received. The success was repeated in Vienna and it was subsequently performed in

           It was during the remaining period of his life that the opera “Oberon” was written
    and performed. In Dresden Carl finally put behind him all the ups and downs of his
    previous life and married Caroline Brandt. Sadly though nothing could save his ill health
    which had remained with him all his life and he died in London on 5 June 1826, a few
    weeks after the triumphant reception of “Oberon”.


    Overture “Oberon” by Carl Maria von Weber
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    As with the operatic overtures Weber wrote for “Der Freischutz” and “Euryanthe”, the
    overture (see May 05 notes) foreshadows the dramatic musical elements of the opera in a
    loose sonata structure (see Sonata Form in November 05 notes). Unlike some opera
    overtures, in which composers provide a musical synopsis of the main themes to be heard
    later on, or even more simply, a piece of introductory music aimed at settling down the
    audience before the main performance, Weber weaved his overture into a self-contained
    work of art and prepared the listener for the main dramatic conflicts that lay ahead. The
    overture, in common with the 1st movement of the Brahms concerto, begins with a solo
    French Horn, a fitting start to a romantic fairy-tale opera about Oberon and Titania.


    Johannes Brahms (1833-1897)

    Think of German music spanning nearly 200 years and, therefore, think of the three
    giants who rose head and shoulders amongst their contemporaries: J.S. Bach, Ludwig
    van Beethoven and, finally, Johannes Brahms. Brahms’s emotionally wayward music
    typifies that of 19th century Romanticism (see May 05 notes) but also contains within it a
    strong traditional sense of form and structure (see also May 05 notes), which clearly lie
    within the lineage of German music. In this sense Brahms is seen as something of a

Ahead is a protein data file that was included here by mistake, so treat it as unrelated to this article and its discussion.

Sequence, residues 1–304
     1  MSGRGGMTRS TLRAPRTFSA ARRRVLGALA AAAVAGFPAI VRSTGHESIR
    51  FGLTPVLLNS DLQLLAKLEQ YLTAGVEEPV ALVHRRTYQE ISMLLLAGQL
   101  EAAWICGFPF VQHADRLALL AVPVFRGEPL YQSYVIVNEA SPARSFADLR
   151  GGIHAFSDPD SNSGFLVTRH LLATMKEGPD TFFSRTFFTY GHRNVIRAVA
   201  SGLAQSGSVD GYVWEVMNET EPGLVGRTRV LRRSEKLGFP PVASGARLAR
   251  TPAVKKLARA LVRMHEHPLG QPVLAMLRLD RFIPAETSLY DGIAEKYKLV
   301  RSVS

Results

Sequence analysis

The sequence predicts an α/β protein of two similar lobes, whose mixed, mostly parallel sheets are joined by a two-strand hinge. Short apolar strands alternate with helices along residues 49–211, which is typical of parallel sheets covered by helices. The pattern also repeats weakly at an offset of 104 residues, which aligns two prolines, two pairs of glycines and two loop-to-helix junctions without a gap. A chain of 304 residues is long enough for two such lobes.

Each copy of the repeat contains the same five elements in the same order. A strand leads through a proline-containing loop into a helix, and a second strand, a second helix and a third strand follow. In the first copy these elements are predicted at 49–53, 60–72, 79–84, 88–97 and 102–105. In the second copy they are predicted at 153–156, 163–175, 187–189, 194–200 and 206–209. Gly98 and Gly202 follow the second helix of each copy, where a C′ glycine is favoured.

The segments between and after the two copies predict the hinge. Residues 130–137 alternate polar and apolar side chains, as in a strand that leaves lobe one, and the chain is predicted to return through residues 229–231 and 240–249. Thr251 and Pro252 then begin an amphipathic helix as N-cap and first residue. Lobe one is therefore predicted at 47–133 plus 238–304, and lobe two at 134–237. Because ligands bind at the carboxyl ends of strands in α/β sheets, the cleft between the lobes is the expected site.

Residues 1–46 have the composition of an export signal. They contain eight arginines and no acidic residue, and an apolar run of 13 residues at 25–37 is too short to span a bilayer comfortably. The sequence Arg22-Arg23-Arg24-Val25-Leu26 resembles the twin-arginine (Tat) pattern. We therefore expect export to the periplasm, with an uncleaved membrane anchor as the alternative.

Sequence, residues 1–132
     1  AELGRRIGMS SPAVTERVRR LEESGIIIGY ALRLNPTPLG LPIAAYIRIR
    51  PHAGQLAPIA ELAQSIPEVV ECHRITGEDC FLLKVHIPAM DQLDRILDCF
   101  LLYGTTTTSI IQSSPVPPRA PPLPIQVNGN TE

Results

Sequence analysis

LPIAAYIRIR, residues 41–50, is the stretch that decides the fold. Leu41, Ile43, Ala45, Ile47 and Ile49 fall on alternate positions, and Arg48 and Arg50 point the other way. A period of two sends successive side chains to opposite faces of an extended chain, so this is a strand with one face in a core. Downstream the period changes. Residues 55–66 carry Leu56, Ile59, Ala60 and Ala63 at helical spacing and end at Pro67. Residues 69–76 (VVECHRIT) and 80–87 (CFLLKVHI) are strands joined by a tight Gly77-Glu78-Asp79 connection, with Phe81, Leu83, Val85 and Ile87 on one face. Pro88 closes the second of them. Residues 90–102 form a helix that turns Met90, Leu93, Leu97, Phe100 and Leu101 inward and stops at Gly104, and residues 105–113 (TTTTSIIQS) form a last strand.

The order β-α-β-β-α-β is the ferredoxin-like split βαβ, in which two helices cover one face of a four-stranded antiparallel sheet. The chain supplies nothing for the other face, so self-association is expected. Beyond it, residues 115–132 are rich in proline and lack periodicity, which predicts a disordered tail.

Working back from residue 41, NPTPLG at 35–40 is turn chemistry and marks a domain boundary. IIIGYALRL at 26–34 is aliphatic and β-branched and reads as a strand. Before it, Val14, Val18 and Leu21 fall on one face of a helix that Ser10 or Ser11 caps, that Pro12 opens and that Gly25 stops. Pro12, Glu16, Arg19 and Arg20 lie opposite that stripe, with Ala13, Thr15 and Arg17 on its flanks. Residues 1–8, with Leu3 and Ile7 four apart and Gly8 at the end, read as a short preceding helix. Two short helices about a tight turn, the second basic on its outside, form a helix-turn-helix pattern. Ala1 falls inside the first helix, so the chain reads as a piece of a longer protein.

conservative, living at a time when the Symphonic, or Tone Poem, were being created
    (ref. May and August 05 notes) by many composers. His reactionary use of classical
    form contrasts sharply with the more radical works of his contemporaries, such as Liszt
    and Wagner (see also Motif in August 05 notes).

           His father’s side of the family had been farmers. Indeed his father, Johann Jakob
    Brahms, had been the first member of the family to take up music as a career. This was
    met with opposition, so he moved from Heide to Hamburg in 1826. In 1830 Johann Jakob
    married Johanna Henrika Christaine Nissen, seventeen years his senior, who came from a
    respectable, but impoverished, middle class family.

            Johann Jakob started out as a street and dance musician in Hamburg and later
    joined the Hamburg City Orchestra as a double bass player. It is likely that Johannes
    received his earliest musical training from him, but he was soon to take formal piano
    lessons and at the age of ten took part in a public recital. His musical training continued
    and, as his family were quite poor, Johannes often recommended his father as a suitable
    musician to be hired for both private and public functions

             Brahms’s first solo concert as a pianist was given in 1848. It was suggested that
    he send some of his works to Robert Schumann, but the package was returned to him
    unopened! That year, a large number of Hungarians passed through Hamburg, intending
    to sail from the port there to America, escaping from the suppression of their country by
    the Austrians and Russians after a nationalist uprising (see Nationalism in music: May
    05 notes). Some of them instead stayed in Hamburg, thus exposing the young Brahms to
    Hungarian music (he was later to write a number of Hungarian Dances) but at this stage
    in his youth he experienced first hand the irregular rhythms and use of triplet figures
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    which became the hallmark of his future compositions.

            Brahms befriended one of these refugees, a violinist by the name of Eduard
    Hoffman, otherwise known as Remenyi (the Hungarian for Hoffman). He had studied in
    Vienna and captivated Brahms with his virtuoso performances. After a trip to America,